Historical Bennington Flag
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What Do the Stars, Stripes, and Colors of the American Flag Mean?

 The Flag of the United States is blowing in the breeze

Sometimes it is called, “ Old Glory,”

Or the “Stars and Stripes”

The colors are Red, White, and Blue

And each color means something

Red means courage – Are we brave?

White means purity - Are we pure and good?

Blue means justice – Do we play fair? 

Why stars and stripes?

Stars are considered a symbol of the heavens and the

Divined goal to which man has aspired from the beginning of time.

The Stripes are symbolic of the rays of light emanating from the sun. 

The Stars represent the 50 states.

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Bennington Flag

Bennington Flag

Bennington Flag
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This durable flag is available printed on high quality nylon or the more deluxe version that comes with embroidered stars and fully sewn stripes. Both flags have four rows of lock stitching on the fly end.
Our specialty flags are made from heavy duty DuPont Solar Max nylon and are accurate reproductions of the most commonly requested US flags in the industry. These historical nylon flags are finished with heavy duty white headers and brass grommets

Preserve the Historical Signifiance of the Bennington Flag. Add it to your cart today.

About the Bennington Flag

The Bennington Flag is one of the oldest and best-known American flags in existence, a distinction it shares with its contemporary, the Stars and Stripes which flew over Ft. McHenry in 1814 and inspired our national anthem. The Bennington Flag is instantly recognizable for its unusual design features: the "76" in the blue field, seven-pointed stars, and the use of white stripes for the outer bars rather than red. As the earliest known flag made entirely of cotton, it is an important document for the history of textiles in America. Family tradition suggested that this flag was used in the Battle of Bennington. However, several factors argue against this. First, the extremely large size of the flag suggests that this was probably a stationary flag, raised above a fort, headquarters, or armory, rather than a small portable battle stand. Since the Bennington Flag was glued into a bronze and plate-glass frame almost immediately after its arrival at the museum in 1926, scientific analysis of the fibers was not possible until after it was removed for conservation in 1995.

Textile conservators determined that the fabric was composed of single-twist cotton threads and that the sewing thread was double-twist cotton, indicating an early 19th-century date of manufacture. The low number of plys in the thread is characteristic of this early period of cotton milling technology. The use of dyes to color cotton fabric was also in experimental stages, which no doubt contributed to the renegade color of the flag's blue field and red stripes. There are no existing 18th-century American flags made of cotton, since this fiber was not readily available in America until after 1800. Cotton sewing thread was not manufactured commercially until the 19th-century. Eighteenth-century documentation, bills, invoices, and descriptions, and examination of all the surviving flags from this period indicate that they were made of silk, linen, or wool bunting. While eliminating a Revolutionary connection for the flag, this discovery does reinforce the family tradition that Nathaniel Fillmore presented the Bennington Flag to his nephew Septa Fillmore shortly after the outbreak of war with England in 1812. Nathaniel, a veteran of the Battle of Bennington, may have been responsible for the creation of the flag. His patriotic dedication on the eve of a second war with England was no doubt expressed by the "76" included in the field design, a commemoration of the Declaration of Independence and the earlier victory over the English. The Bennington Flag remained in the possession of the Fillmore family, passing from Septa Fillmore to his nephew Philetus P. Fillmore who displayed it outside his home in Aurora, Illinois during the 1776 Centennial celebration. Franklin Bosworth Fillmore, a nephew of Philetus and the next owner of the flag, moved it to Monticello, Minnesota. He carried the Bennington Flag at the head of the parade of the Grand Army of the Republic held in Minneapolis in 1887. A souvenir hunter vandalized the flag at this event, removing one of the stars and the top white stripe.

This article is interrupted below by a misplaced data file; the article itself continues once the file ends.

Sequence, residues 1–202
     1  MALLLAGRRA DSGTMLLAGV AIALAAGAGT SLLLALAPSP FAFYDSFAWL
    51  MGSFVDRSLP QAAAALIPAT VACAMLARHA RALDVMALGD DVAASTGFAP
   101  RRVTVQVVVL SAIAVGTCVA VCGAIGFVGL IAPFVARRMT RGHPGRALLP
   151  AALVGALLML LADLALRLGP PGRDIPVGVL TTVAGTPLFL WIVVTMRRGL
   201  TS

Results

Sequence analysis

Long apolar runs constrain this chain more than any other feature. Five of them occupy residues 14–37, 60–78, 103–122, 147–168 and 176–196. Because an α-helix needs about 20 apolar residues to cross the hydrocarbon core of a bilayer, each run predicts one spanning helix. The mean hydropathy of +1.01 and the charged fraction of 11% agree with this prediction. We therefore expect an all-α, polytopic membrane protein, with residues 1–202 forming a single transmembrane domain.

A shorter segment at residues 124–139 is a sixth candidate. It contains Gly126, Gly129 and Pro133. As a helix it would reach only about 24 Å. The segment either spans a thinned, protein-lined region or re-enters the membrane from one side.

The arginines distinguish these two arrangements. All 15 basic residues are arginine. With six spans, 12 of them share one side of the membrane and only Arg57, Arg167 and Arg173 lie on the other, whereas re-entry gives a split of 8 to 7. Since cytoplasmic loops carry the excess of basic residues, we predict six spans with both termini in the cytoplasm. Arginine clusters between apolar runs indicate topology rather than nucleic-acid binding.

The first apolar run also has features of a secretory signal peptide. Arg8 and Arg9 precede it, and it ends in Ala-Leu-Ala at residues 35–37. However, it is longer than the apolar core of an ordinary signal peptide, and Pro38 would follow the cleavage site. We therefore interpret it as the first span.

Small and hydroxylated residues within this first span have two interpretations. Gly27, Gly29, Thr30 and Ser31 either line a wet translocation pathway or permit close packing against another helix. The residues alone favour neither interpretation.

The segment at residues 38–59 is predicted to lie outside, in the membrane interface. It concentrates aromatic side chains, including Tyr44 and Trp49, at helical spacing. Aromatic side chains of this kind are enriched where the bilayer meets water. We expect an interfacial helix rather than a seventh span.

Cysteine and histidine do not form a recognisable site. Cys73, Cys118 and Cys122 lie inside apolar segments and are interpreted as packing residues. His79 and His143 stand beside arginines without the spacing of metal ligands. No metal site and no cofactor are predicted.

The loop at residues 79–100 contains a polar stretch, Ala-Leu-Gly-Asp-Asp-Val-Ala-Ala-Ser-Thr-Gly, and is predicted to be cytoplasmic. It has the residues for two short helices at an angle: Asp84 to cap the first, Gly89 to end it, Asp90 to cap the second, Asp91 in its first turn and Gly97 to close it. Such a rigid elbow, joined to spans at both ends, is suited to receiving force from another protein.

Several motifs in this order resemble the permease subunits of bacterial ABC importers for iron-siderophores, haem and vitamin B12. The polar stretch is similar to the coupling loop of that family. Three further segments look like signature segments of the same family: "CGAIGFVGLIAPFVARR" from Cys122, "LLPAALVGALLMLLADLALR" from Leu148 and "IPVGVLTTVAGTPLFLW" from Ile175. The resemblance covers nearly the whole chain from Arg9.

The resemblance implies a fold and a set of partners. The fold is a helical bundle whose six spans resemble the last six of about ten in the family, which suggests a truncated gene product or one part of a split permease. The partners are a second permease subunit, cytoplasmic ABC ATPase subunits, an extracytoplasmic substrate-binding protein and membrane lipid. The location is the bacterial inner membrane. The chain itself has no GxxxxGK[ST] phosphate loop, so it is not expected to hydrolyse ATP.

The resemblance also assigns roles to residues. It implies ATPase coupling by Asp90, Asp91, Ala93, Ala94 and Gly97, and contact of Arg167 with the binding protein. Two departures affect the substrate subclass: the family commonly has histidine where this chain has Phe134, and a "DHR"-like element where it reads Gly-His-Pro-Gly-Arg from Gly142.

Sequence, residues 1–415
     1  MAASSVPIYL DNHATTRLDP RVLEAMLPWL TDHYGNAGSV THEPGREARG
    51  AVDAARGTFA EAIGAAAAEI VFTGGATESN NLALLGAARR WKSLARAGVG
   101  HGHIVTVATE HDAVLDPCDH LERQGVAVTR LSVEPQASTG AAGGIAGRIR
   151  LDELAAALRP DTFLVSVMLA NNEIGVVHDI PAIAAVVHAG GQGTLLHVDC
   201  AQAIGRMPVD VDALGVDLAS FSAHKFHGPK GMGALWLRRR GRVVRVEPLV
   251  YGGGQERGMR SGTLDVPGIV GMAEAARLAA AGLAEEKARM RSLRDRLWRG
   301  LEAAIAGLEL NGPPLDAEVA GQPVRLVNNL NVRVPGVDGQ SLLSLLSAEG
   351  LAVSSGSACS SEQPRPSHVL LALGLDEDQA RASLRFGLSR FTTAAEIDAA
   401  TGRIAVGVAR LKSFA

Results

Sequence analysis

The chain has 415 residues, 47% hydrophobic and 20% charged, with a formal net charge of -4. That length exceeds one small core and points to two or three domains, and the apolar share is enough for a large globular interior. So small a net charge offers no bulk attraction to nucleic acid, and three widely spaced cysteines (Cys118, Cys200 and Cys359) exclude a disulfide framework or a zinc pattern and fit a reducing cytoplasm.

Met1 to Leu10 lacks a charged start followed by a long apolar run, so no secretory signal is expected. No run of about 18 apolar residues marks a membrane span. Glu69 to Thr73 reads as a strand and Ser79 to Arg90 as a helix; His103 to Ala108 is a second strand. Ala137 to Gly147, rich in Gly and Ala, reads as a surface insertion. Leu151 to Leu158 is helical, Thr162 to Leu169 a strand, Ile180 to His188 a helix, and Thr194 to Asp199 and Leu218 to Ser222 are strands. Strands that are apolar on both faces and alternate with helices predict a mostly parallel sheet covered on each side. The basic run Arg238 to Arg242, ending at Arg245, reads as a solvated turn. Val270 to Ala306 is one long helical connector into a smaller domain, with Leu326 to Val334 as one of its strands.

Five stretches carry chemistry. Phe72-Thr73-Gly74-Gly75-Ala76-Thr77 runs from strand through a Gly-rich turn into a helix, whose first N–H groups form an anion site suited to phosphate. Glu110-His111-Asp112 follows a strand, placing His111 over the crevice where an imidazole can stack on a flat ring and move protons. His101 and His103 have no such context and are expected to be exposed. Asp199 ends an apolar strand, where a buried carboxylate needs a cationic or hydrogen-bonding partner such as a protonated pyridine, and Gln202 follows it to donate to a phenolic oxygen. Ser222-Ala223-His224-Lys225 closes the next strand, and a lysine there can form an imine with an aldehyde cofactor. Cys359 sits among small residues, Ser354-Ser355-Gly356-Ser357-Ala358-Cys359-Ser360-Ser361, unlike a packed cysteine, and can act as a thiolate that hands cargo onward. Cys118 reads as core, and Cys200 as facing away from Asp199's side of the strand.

Bennington Museum director John Spargo learned of the flag in the early 1920s. After searching for several years, he located it in the G.A.R. Room in the Chicago Public Library, where it had been placed by its owner, Maude Fillmore Wilson. The Bennington Flag has lost much of its original red and blue coloring over almost two centuries of exposure to light and unfavorable environmental conditions. Early nineteenth-century fabrics were dyed with a variety of natural substances, such as madder (red) or indigo (blue) from plants, or cochineal (red) from an insect. These natural dyes are very susceptible to fading and damage from exposure to light, particularly the ultraviolet rays found in sunlight and artificial light. In 1995 and 1996 the flag was conserved at the Textile Conservation Center, Museum of American Textile History in Lowell, Massachusetts. Removal of dust and dirt which had accumulated over time revealed remnants of the elusive red and blue dyes. The fragile fibers have been stabilized to help ensure preservation of the Bennington Flag. The Flag has been encapsulated in a plexiglass box to protect the fabric from dirt, dust, and rapid changes in temperature and humidity. Light levels on the flag are kept low to reduce further loss of color.